The Pentagon confirmed Friday that a U.S. drone strike this week killed Junaid Hussain, an ISIS operative linked to the Garland, Texas, cartoon contest attack.
Centcom spokesman Col. Patrick Ryder told reporters Friday that Hussain was killed in an Aug. 24 airstrike in Raqqa, Syria, as first reported on CNN Wednesday.
Hussain, a British citizen, was a hacker who published the names and personal information of military personnel online as well as inspiring attacks like the one in Texas.
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Raqqa, located in northern Syria and the self-declared capital of ISIS, has been treated as a safe haven by ISIS, some U.S. officials pointed out to CNN, so reaching him in the city adds to the significance of the strike.
Several U.S. officials told CNN that the drone strike specifically targeted Hussain traveling in a vehicle in Syria after the U.S. got intelligence on where he was and watched him to confirm his presence before striking. Subsequent assessments indicated that Hussain had stepped outside when he was hit by a missile from a U.S. drone.
Asked about the strike on Hussain Thursday, Pentagon spokesman Capt. Jeff Davis responded: “We have conducted a number of strikes over the past 72 hours in Syria, specifically at ISIL leadership.”
The mission was conducted by the U.S. military because it has clear rules of engagement to attack ISIS, and there could be no implication the British government was involved in the killing of Hussain, a British citizen.
U.S. officials said there is a good deal of sensitivity about potential reaction in Muslim communities in the UK if a formal announcement is made, given that Hussain was a British citizen targeted by the U.S.
There is now a complex process underway, as there is with all strikes targeting specific ISIS members, to confirm the targeted individual was indeed killed.
This is the second strike against a senior ISIS operative in as many weeks. Last week a drone strike killed Haji Mutazz, the top ISIS deputy to Abu Bakr Al Baghdadi, head of the organization. U.S. officials said that since the Mutazz killing, ISIS leadership appears to be arresting and killing a number of people it suspects may have disclosed intelligence about the group’s movements.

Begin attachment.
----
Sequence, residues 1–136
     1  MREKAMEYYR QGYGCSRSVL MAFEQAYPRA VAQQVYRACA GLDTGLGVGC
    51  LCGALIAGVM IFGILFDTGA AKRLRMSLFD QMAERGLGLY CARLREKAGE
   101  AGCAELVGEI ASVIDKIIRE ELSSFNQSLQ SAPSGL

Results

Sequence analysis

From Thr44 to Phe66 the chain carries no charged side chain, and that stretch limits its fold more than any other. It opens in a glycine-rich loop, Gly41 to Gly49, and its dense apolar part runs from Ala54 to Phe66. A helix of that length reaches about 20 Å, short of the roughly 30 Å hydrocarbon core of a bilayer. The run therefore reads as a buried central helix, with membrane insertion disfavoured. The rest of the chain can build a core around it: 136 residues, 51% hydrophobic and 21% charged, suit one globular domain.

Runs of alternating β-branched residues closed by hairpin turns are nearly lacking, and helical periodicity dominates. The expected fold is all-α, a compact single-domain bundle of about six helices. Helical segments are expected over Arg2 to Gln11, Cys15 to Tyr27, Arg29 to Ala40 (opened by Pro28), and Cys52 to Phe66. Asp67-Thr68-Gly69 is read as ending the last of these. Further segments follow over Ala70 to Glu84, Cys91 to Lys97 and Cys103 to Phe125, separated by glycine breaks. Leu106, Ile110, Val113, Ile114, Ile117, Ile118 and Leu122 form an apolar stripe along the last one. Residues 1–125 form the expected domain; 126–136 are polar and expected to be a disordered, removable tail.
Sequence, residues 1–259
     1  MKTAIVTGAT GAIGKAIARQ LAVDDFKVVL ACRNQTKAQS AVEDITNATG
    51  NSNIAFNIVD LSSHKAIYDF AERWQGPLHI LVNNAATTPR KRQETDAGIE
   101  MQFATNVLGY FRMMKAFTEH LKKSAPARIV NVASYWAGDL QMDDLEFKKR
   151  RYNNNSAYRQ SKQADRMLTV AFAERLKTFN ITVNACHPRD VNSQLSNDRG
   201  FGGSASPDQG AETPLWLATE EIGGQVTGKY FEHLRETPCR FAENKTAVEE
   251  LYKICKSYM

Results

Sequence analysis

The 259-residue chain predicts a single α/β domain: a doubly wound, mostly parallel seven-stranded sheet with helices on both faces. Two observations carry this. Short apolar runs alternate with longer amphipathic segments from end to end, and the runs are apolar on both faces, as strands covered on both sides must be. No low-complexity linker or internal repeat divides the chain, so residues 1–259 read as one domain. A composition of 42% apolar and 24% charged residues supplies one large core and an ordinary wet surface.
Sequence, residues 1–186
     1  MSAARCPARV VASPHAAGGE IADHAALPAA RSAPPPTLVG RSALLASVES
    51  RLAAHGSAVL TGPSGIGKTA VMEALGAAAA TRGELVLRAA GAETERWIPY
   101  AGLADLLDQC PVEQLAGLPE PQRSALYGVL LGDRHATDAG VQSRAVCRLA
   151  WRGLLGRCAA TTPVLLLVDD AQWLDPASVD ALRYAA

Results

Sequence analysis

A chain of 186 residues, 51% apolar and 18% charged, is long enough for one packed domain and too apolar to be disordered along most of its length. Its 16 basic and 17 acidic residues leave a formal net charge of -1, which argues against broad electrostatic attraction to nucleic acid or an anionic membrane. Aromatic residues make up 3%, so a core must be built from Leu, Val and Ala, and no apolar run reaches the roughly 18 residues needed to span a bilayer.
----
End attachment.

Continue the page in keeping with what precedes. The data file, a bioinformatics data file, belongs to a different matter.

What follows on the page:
Hussain is described by U.S. officials as a high-value target in ISIS.
“This is a great intelligence success,” one U.S. official told CNN.
Hussain is alleged to have been involved in circulating a so-called hit list of addresses and photos of U.S. military personnel put out by a group calling itself the Islamic State Hacking Division.
Hussain also was linked to the attack in earlier this year on a cartoon drawing contest in Garland, Texas, where participants were asked to draw the Prophet Mohammed. Investigators believe Hussain played a role online in private messaging to radicalize and inspire one of the gunmen to launch an attack. The gunmen were shot dead by a Garland police traffic officer who was part of the on-site security contingent at the event.
Hussain’s death eliminates the most prolific of all of ISIS’s English-language propagandists, according to CNN terrorism analyst Paul Cruickshank. In recent months, Hussain had used Twitter to incessantly call for attacks in the West, as well as groomed potential terrorists in Western countries over encrypted online messaging apps, such as “Surespot,” Cruickshank said.